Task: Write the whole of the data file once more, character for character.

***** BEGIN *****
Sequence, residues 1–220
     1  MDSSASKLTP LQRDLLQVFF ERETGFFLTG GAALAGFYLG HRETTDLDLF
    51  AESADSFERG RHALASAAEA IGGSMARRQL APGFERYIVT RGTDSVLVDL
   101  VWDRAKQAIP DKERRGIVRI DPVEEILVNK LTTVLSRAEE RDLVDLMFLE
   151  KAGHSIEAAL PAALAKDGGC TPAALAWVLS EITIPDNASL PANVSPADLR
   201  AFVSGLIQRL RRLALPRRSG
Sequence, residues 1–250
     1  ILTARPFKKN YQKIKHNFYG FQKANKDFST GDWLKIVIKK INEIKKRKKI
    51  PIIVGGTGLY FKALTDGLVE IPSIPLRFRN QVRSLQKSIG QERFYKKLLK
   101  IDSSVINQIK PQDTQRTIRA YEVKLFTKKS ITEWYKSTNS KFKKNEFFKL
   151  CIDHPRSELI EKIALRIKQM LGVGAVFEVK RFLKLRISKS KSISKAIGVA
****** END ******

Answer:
Sequence, residues 1–220
     1  MDSSASKLTP LQRDLLQVFF ERETGFFLTG GAALAGFYLG HRETTDLDLF
    51  AESADSFERG RHALASAAEA IGGSMARRQL APGFERYIVT RGTDSVLVDL
   101  VWDRAKQAIP DKERRGIVRI DPVEEILVNK LTTVLSRAEE RDLVDLMFLE
   151  KAGHSIEAAL PAALAKDGGC TPAALAWVLS EITIPDNASL PANVSPADLR
   201  AFVSGLIQRL RRLALPRRSG
Sequence, residues 1–250
     1  ILTARPFKKN YQKIKHNFYG FQKANKDFST GDWLKIVIKK INEIKKRKKI
    51  PIIVGGTGLY FKALTDGLVE IPSIPLRFRN QVRSLQKSIG QERFYKKLLK
   101  IDSSVINQIK PQDTQRTIRA YEVKLFTKKS ITEWYKSTNS KFKKNEFFKL
   151  CIDHPRSELI EKIALRIKQM LGVGAVFEVK RFLKLRISKS KSISKAIGVA